Now it could have worked out differently; I might have had to solve the problem myself at the end, but instead of assuming I would have to and wasting perhaps a day or 2, trying to solve the problem myself, I pushed it off and kept working on easy problems and I gave someone else a chance to solve my hard problem for me.
It doesn’t happen all the time, but many times if we push off the hard problems we face, we find that by the time we get to them, someone else has already solved the problem for us.
4. Your own subconscious mind may solve the problem
When I said someone else might solve the problem for you, that someone else might actually by you—at least your subconscious mind.
Have you ever had the experience of thinking about a problem and not being able to figure it out, but then you wake up the next morning and suddenly have the answer?
It seems that our subconscious mind is more powerful than we are aware of.
In many cases, if we know of the hard problem we need to solve and have thought about it a little bit, our subconscious mind will start working on the solution, even though we are not aware.
Obviously this isn’t going to work all the time, and your subconscious mind isn’t going to write a bunch of code for you, but in many cases there is at least some benefit to throwing the problem off to our internal “worker thread.”
5. You are more committed to solving the hard problem when you risk everything you do so far
One benefit to saving the hard problem for last is that you have some extra motivation in the form of loss aversion.
We can use this knowledge to our advantage by doing the easy work first and letting our loss aversion help motivate us to solve the harder problems, because we don’t want to lose all the work we put into a project so far.
By starting with easy problem, we put some “skin in the game.”
If we try to solve the hard problems first, we have nothing to lose, so we are much more likely to give up.
6. Hard problems are often easy problems bundled together
And it turns out that many hard problems (not all) are decomposable into many small easy problems.
If you strive to never solve hard problems and to always push them off, you may actually find out that you never have to solve hard problems.
Many times we can chip away at hard problems, by taking bits of them off a little at a time and solving those easier problems. Eventually, you may find that you’ve reached the tootsie roll center of your hard problem lollipop and it is filled with chocolate candy!
Now, some problems aren’t very easily decomposable, but a good majority of problems are. Once you develop the skills to chip off bits of hard problems into smaller easy problems, the world looks like a much more conquerable place.
So, saving hard problems for last and breaking off little pieces of them as you go, can be a good strategy to help you to wear down your opponent before you have to face him.
7. Some hard problems are never truly solved
One of the big problems with tackling the hard problems first is that they tend to fill up as much time as you’ll give them.
If I give you an easy problem, like write a function to reverse a string, there isn’t much to think about. You can solve it a number of different ways and there isn’t a huge difference in the efficiency of the different methods of solving it. It is pretty unlikely you’ll spend weeks revamping your solution and thinking that it’s not quite right.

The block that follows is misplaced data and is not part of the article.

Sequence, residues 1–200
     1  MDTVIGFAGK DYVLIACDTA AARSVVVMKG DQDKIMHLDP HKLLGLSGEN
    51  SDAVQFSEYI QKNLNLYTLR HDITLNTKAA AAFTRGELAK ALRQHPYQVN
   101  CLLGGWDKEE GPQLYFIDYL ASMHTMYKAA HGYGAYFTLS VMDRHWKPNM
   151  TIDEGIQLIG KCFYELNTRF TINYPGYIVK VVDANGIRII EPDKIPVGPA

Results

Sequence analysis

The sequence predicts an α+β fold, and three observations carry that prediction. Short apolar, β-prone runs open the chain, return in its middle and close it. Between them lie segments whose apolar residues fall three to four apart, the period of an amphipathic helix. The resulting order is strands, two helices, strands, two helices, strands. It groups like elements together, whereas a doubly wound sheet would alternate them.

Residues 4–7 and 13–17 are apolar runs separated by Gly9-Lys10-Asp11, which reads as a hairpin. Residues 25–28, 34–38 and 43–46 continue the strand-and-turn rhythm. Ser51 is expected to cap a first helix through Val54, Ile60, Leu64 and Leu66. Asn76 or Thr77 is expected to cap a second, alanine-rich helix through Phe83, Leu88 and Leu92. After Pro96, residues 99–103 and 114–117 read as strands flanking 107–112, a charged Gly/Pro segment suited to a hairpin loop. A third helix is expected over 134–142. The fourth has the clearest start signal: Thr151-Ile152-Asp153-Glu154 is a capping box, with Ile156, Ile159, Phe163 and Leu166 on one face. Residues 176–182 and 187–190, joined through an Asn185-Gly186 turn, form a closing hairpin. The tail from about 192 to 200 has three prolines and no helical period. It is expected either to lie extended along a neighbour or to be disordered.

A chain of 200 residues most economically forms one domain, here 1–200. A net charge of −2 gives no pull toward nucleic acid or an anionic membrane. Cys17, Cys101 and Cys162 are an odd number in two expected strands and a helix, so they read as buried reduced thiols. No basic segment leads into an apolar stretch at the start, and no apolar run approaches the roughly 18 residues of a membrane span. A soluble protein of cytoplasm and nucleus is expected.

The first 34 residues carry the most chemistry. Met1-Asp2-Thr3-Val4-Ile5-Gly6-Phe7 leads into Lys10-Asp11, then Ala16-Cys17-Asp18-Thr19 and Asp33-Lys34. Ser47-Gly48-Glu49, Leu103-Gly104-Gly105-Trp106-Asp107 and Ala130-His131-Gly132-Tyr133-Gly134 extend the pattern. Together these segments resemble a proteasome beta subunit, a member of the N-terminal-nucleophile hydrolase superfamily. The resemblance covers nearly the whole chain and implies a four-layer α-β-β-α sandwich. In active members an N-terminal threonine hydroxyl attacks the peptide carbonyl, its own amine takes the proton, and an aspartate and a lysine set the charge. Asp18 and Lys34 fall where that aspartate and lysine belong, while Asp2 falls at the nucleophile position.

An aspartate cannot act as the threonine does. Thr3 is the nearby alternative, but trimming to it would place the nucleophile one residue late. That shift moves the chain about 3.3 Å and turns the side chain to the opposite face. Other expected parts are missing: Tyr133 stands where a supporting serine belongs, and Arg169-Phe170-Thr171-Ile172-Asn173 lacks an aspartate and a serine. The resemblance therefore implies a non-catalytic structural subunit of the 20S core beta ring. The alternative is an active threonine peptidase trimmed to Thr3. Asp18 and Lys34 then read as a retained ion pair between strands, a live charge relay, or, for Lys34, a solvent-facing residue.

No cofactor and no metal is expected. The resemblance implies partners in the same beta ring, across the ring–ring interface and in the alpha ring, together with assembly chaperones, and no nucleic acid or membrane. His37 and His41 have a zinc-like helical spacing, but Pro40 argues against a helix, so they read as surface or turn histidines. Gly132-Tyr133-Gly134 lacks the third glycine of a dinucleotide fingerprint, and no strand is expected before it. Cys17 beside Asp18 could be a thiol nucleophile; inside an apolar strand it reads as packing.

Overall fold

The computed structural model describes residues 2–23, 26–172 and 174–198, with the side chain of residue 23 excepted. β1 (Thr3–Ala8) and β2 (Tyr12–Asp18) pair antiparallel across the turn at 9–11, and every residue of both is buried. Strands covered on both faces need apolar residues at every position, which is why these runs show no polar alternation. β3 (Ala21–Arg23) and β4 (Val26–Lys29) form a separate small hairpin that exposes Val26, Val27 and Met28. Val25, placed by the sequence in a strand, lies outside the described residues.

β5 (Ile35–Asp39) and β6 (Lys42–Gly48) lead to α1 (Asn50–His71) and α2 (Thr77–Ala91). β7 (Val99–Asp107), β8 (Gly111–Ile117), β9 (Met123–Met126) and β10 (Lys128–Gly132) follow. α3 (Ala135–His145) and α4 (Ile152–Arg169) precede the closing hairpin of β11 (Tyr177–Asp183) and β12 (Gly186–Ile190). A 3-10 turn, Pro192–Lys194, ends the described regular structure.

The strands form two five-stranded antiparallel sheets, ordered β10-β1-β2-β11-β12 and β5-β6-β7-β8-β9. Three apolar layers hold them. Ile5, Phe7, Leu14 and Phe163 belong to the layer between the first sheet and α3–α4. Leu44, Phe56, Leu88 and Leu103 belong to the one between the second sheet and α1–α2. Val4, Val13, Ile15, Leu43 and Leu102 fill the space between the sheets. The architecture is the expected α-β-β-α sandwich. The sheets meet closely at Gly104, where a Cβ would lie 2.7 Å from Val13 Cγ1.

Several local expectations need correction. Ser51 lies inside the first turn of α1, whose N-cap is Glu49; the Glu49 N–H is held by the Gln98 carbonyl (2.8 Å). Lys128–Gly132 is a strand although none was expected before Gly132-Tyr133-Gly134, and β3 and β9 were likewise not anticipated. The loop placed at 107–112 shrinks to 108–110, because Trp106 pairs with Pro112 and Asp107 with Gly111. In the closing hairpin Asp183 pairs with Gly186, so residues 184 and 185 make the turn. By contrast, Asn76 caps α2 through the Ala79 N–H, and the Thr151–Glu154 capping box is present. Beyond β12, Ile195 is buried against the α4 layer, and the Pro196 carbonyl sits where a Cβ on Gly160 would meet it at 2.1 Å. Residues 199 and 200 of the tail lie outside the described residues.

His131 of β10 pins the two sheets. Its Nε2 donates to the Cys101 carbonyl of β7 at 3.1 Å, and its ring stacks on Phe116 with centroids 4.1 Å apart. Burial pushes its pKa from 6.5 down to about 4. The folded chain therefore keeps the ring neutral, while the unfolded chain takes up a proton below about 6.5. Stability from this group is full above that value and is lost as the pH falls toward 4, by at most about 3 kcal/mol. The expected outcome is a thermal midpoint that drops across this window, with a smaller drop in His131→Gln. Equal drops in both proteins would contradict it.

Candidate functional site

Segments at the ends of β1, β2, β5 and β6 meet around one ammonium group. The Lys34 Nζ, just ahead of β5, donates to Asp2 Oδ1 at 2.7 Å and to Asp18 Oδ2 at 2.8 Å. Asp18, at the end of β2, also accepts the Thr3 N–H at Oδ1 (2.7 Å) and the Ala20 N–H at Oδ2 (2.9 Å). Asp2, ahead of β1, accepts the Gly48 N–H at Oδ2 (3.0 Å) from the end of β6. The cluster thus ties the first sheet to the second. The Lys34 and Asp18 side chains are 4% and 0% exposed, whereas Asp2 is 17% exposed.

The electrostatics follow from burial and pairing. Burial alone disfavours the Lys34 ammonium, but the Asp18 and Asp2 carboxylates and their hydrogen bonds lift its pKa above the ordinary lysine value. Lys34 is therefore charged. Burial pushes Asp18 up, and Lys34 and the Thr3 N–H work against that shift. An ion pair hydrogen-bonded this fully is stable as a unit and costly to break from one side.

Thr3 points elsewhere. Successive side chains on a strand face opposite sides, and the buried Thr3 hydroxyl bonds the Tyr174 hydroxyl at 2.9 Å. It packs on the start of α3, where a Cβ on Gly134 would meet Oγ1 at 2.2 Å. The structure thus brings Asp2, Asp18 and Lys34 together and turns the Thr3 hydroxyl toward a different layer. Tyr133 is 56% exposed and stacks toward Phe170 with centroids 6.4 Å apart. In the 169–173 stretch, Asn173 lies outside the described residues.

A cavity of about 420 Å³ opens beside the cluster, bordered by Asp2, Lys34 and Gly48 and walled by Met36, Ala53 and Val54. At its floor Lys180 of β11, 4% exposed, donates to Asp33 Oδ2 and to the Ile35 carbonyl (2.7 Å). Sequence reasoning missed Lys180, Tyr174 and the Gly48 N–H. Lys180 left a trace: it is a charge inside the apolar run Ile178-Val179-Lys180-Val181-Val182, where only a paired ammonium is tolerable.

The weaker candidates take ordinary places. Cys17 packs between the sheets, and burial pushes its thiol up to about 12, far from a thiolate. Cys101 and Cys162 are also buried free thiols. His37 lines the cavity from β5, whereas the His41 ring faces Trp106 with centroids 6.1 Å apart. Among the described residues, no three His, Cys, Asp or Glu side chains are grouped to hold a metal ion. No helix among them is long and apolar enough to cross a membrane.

But, if I give you a problem like, create an in-memory database, not only is it a hard problem, but it has a huge number of possible solutions and can be optimized from now until the end of time. You could spend 2 weeks working on that task or 2 years.
The problem is that many hard problems don’t have a good scope to them when they are solved in isolation.
If you design an engine for a car that isn’t built yet, you won’t know when you are done.
But if you design an engine for a car and you know how much it weighs and know what kind of transmission it will use and what kind of fuel efficiency it needs to have, you can have a much clearer understanding of when your engine design is done.
If you save the hard problems for last, the scope of those hard problems will be much more defined, which will keep you from wasting valuable time over solving a problem or, like I mentioned earlier, solving the wrong problem altogether.
Let me ask you a question.
How would you develop your next software project if I told you that if you “succeeded” you would be given $1 million dollars, but if you failed you would get nothing?
Success of course is a very fuzzy term, but let’s assume that success means:
- You built a working functional product
- Your customers are happy with it, content enough to call it done
- You delivered it on time
- You delivered it within budget
- It can be fairly easily modified and maintained with its current design for the next 5 years.
This is an all or nothing proposition. Everything is on the line. If you were to succeed, you would be rewarded handsomely, but if you fail, your effort would be entirely wasted.
Oh, also, you can’t work more than 8 hours a day 5 days a week—no winning by heroics alone.
Why ask this question?
Simple, because after thinking about “how to build software” for the last 10 or so years, (in my beginning years, I didn’t really ponder this question) I have decided the answer to this question is the way that software should be built.
I don’t mean that developers should be given an all or nothing proposition. What I mean is that we should be building and designing software as if I proposed the above situation.
This might sound a bit crazy, but think about it for a bit.